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Re: HTML5 Forms Question

 
 
Adrienne Boswell
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      06-16-2010
Gazing into my crystal ball I observed Ed Jay <(E-Mail Removed)>
writing in news:(E-Mail Removed):

> I'm using HTML5 Forms to select multiple files for uploading:
>
><form id='form2' name='form2' action="/cgi-bin/upload.pl\"
>method='post'
> enctype='multipart/form-data'>
>
><input type='file' name='myFile0' id='myFile0' value='' multiple
>min='0'
> max='99' files=''>
>
><input type=submit value='Upload Files'>
>
> Is there some way to determine, before uploading, how many files have
> been selected?


Korpela is going to have a field day with this --- Maybe there is
something that can be checked via Javascript?

--
Adrienne Boswell at Home
Arbpen Web Site Design Services
http://www.cavalcade-of-coding.info
Please respond to the group so others can share

 
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Captain Paralytic
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      06-17-2010
On 17 June, 01:07, Ed Jay <(E-Mail Removed)> wrote:
> Adrienne Boswell wrote:
> >Gazing into my crystal ball I observed Ed Jay <(E-Mail Removed)>
> >writing innews:(E-Mail Removed):

>
> >> I'm using HTML5 Forms to select multiple files for uploading:

>
> >><form id='form2' name='form2' action="/cgi-bin/upload.pl\"
> >>method='post'
> >> enctype='multipart/form-data'>

>
> >><input type='file' name='myFile0' id='myFile0' value='' multiple
> >>min='0'
> >> max='99' files=''>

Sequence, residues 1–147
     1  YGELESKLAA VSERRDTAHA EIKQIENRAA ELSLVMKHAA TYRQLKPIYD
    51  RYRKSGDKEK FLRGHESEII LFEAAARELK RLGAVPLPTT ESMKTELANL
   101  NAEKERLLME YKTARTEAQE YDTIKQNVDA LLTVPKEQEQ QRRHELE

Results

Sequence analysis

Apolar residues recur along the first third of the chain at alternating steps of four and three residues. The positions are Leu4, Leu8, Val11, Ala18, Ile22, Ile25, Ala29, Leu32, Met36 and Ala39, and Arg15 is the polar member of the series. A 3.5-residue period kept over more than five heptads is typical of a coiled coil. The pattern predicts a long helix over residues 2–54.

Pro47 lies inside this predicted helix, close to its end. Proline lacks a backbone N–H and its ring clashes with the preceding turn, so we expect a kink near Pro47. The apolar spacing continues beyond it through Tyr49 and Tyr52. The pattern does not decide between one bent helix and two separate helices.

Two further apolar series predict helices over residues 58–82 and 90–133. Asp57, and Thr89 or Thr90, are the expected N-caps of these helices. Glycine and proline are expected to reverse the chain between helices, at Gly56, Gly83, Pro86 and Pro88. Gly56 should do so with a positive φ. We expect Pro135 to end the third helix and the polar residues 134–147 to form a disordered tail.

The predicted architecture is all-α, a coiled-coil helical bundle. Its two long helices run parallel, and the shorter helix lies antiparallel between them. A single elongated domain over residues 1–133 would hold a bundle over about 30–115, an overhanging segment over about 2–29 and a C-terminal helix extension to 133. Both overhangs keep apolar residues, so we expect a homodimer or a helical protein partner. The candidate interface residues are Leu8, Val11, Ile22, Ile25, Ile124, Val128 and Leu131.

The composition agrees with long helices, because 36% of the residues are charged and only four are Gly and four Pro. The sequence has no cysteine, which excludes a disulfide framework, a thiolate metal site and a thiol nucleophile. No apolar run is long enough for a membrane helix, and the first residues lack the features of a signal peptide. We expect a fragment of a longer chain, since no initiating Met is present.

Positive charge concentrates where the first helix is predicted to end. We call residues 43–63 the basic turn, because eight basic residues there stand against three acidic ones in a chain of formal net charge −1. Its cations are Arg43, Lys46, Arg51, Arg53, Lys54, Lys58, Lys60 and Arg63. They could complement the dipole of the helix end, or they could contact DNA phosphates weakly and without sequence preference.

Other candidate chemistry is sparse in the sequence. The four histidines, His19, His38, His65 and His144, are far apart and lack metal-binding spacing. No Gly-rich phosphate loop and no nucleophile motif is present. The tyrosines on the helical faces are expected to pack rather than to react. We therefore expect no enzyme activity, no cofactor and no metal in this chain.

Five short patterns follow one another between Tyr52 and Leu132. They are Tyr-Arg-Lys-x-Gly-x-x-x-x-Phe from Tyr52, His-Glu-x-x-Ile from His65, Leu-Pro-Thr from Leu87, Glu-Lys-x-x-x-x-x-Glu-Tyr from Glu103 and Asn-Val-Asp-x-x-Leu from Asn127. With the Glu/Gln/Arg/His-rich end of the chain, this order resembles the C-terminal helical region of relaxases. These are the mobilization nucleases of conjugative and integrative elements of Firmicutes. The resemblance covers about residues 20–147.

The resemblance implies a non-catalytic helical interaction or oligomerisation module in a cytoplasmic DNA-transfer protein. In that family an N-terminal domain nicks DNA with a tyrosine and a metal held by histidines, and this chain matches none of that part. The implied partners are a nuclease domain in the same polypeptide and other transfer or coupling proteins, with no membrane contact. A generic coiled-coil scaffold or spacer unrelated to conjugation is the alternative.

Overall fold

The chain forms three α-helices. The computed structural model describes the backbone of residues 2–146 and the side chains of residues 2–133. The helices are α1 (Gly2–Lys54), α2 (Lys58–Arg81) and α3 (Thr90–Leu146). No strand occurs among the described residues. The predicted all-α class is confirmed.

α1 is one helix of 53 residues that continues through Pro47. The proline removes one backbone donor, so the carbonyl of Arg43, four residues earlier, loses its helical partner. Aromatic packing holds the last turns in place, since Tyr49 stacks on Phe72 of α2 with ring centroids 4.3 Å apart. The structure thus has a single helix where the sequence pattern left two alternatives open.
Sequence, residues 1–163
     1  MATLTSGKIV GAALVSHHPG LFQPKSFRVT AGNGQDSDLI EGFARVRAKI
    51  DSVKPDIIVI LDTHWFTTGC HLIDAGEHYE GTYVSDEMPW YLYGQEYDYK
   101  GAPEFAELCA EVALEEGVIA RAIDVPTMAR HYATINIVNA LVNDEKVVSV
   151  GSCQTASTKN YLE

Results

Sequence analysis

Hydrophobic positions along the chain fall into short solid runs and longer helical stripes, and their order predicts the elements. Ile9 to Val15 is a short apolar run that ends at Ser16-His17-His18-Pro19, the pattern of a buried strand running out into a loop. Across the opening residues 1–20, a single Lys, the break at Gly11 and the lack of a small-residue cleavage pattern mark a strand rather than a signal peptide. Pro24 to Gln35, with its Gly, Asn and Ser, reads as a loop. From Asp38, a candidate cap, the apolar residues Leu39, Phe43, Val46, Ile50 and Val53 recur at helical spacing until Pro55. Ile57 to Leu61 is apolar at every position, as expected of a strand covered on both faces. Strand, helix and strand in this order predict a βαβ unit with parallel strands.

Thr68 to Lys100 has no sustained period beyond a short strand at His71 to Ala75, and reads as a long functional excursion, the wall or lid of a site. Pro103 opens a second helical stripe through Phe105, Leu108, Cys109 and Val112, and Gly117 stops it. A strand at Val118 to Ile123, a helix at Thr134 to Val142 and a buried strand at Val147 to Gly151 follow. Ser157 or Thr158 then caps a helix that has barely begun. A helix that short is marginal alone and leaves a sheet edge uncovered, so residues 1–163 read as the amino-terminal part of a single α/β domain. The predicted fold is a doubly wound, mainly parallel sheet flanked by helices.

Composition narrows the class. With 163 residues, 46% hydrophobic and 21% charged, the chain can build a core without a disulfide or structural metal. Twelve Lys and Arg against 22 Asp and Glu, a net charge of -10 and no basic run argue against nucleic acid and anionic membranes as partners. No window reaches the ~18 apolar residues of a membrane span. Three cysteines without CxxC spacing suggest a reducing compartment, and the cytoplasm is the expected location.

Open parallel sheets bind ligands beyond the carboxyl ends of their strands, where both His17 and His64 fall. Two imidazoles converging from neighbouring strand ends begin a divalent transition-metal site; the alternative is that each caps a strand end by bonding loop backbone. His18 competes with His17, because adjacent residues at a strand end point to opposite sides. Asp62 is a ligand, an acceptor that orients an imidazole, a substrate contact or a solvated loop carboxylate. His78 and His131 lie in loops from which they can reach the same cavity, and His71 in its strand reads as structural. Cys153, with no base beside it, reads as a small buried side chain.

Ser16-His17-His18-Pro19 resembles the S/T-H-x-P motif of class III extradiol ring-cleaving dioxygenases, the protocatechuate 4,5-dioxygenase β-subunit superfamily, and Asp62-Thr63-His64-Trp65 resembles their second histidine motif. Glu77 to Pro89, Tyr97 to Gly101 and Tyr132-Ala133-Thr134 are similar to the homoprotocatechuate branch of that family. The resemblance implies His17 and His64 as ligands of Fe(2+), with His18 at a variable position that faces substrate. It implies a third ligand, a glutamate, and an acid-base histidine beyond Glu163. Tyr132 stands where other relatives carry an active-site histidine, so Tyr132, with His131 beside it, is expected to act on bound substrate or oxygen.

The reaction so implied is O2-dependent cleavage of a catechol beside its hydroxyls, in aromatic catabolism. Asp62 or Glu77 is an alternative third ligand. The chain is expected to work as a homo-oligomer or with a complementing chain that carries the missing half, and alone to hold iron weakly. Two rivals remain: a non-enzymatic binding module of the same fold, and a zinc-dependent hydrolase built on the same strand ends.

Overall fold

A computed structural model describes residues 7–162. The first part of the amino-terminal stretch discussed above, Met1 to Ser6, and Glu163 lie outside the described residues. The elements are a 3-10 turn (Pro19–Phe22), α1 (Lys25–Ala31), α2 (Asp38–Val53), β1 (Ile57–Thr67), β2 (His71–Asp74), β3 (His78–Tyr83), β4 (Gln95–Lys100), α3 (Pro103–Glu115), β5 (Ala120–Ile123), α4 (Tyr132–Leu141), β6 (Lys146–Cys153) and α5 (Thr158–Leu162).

>
> >><input type=submit value='Upload Files'>

>
> >> Is there some way to determine, before uploading, how many files have
> >> been selected?

>
> >Korpela is going to have a field day with this ---

>
> I expect that. (And, welcome it.)
>
> >Maybe there is
> >something that can be checked via Javascript? *

>
> I'm hopeful, but nothing I've tried has worked. I've tried
> document.forms["form1"].elements["myFile0"].value but it always comes up
> empty.


Your form is called "form2" not "form1"
 
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Jukka K. Korpela
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      06-21-2010
Ed Jay wrote:

> Captain Paralytic wrote:

[...]
>>> I'm hopeful, but nothing I've tried has worked. I've tried
>>> document.forms["form1"].elements["myFile0"].value but it always
>>> comes up empty.

>>
>> Your form is called "form2" not "form1"

>
> Thanks. My typo error.


First of all, apologies for commenting on this so late. When the thread was
fresh, I was actually having a field day in Peak District.

The code, with the correction, indeed works, for some values of "works".
It's a bit outdated coding style, since these days we normally use a more
direct approach: